The B2B sales funnel has changed considerably within recent years. In the old school days – marketing would generate leads, pass it over to sales and hope they close the deal. Without a proper sales and marketing alignment strategy, the organization creates silos among key cross functional teams, ultimately breeding failure.
Modern day B2B buyer behavior has changed to the point where marketing must support sales right through each stage of the sales cycle. As selling situations grow more complex, with an average of 5.4 stakeholders involved in any one deal, sales teams are relying on high quality, marketing-produced content to help them tell the story that resonates and closes deals.
KPIs: The Foundation of Sales and Marketing Alignment
Given these changes, it is imperative that sales and marketing work as one. To implement your sales and marketing alignment strategy, you should introduce shared goals or key performance indicators (KPIs).
What Are Sales KPIs?
Broadly speaking, a Key Performance Indicator (KPI) is a measurable value that demonstrates how effectively a company or employee is achieving key business objectives. Organizations use sales KPIs to evaluate both company and individual success at reaching targets.
Typically, this means aligning sales, marketing and operations. These 3 functions should share the same goals, KPIs and priorities. A proper sales and marketing alignment strategy can help these teams work together to make the entire sales process as smooth as possible.
In our view — and that of many progressive and fast growing companies — sales is marketing and marketing is sales. They are one, need to operate as one, and need to have shared KPIs.
Why Sales is Marketing
Sales is the delivery vehicle for marketing’s message. For a sales person at a B2B company, every sales situation is unique.
Think about all the different permutations:
Every time a rep — a good rep — gets in front of a client, they are pitching a slightly different story and value message based on the messaging and content that marketing has created.
The salesperson is really acting as a marketer in each and every single sales situation.
Why Marketing is Sales
The key purpose of marketing in B2B is supporting sales. In B2B, marketing is all about supporting sales, making it easier to sell, and helping the sales team close more business.
There are many ways that marketing does this from driving demand, to creating collateral to hosting conferences. Marketing has its fingerprints in every deal in the form of a generated lead, a piece of content that closed the deal, or a great campaign that brought the prospect to an event.
For new sales and marketing managers, KPIs can seem daunting. How can a manager institute all of the right policies, priorities and practices to ensure that her team are able to optimize their time? Where should she start? How can she measure success?
The Quickest Path to Closing Deals
Sales and marketing alignment can quickly falter if your sales team is spending too much time on the wrong opportunities.
In today’s data driven world it is common for reps to work on 20+ opportunities at once.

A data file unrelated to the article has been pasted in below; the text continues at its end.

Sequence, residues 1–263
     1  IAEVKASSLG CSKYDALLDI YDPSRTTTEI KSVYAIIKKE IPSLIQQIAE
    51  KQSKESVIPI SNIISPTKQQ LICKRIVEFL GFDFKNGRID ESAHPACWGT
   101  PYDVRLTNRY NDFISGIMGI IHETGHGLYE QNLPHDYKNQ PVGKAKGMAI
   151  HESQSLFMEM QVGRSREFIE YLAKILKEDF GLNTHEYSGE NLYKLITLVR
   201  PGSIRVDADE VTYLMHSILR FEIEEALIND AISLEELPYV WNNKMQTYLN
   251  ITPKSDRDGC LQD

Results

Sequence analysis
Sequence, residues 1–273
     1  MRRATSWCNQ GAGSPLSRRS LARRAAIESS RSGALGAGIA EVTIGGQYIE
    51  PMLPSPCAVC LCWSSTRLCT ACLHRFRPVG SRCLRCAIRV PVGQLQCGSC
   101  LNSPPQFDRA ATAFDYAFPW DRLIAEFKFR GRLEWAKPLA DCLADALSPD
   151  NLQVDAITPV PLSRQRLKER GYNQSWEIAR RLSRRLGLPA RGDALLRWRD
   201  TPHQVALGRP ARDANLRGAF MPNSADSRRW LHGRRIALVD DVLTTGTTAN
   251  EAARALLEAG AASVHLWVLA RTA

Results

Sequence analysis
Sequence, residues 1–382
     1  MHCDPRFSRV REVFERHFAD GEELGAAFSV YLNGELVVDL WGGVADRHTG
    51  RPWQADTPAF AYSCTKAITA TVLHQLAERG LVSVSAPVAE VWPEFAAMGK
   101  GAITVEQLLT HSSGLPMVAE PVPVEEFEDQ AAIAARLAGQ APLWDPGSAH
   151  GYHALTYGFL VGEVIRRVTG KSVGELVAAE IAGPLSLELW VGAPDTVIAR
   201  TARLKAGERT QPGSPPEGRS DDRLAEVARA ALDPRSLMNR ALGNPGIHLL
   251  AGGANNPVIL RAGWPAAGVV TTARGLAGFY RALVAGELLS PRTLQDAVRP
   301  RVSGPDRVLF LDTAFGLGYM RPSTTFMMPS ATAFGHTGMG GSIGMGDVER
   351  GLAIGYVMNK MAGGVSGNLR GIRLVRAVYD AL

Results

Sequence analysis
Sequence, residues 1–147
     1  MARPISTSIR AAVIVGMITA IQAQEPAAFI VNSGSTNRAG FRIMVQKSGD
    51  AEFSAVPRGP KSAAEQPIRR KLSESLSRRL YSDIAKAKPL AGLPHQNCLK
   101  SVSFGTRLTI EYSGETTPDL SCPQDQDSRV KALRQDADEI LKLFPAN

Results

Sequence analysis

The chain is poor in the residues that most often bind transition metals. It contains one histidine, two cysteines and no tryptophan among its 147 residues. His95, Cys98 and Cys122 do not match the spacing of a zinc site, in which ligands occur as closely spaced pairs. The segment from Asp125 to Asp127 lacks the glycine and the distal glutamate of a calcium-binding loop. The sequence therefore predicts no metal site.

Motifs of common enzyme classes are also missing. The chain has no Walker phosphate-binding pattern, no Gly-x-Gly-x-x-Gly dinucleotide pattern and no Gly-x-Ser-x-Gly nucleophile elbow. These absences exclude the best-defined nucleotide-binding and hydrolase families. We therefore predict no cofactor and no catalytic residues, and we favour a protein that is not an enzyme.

However, juggling lots of opportunities simultaneously means that reps often end up investing too much time on low-quality opportunities and not enough time on the opportunities they have a real shot of winning.
A bad habit appearing at many companies is to put reps in the unenviable position of trying to hit their quota by feverishly working through as many opportunities as they can.
But this isn’t necessarily the ideal solution. Data-driven sales teams are finding that it is usually more effective to spend more time on qualification earlier in a sales cycle in an effort to only deliver the best opportunities to highly paid account executives.
There are a number of ways to qualify an opportunity. Most B2B organizations use a combination of lead scoring methodologies and SDRs to the job done.
With better qualification, an account executive can devote the necessary time to the right opportunities. With poor qualification, AEs spread themselves too thin. They’ll invest time into low-quality opportunities that probably shouldn’t have been in their sales pipeline to begin with.
In addition to qualification, another way to understand the quickest path to closing is to learn from the best reps. What are top performing reps saying, doing, and using, that distinguishes themselves from the rest of the pack?
SiriusDecisions states that the number one problem for sales effectiveness is an “inability to convey their value proposition.”
Most B2B technology sales reps depend on quality content to communicate the value of their solutions with their customers. If sales reps are uncomfortable with the messaging, voice or layout of the material they are presenting, it’s highly likely they will adapt it to fit their style and selling situation.
Peter Ross at TechTarget says:
“This is not always a bad thing when it comes to developing powerful selling tools such as slide presentations, email bullets or call scripts. In fact, a lot of the most effective content is born in the field as opposed to a marketing lab because it needs to stand up to direct customer scrutiny and sales approval.”
Sales and Marketing Alignment Best Practices
As a sales and marketing manager, it’s critical to learn from the field. It’s even harder to take best practices and apply them across the entire team. Content, in particular, is one area sales and marketing teams must strive to work together on.
Marketing teams must be clear on what content is resonating with B2B buyers. Meanwhile, sales needs instant access to high quality marketing-produced content. If sales and marketing can work together to produce sales enablement content, you will improve your chances of closing deals.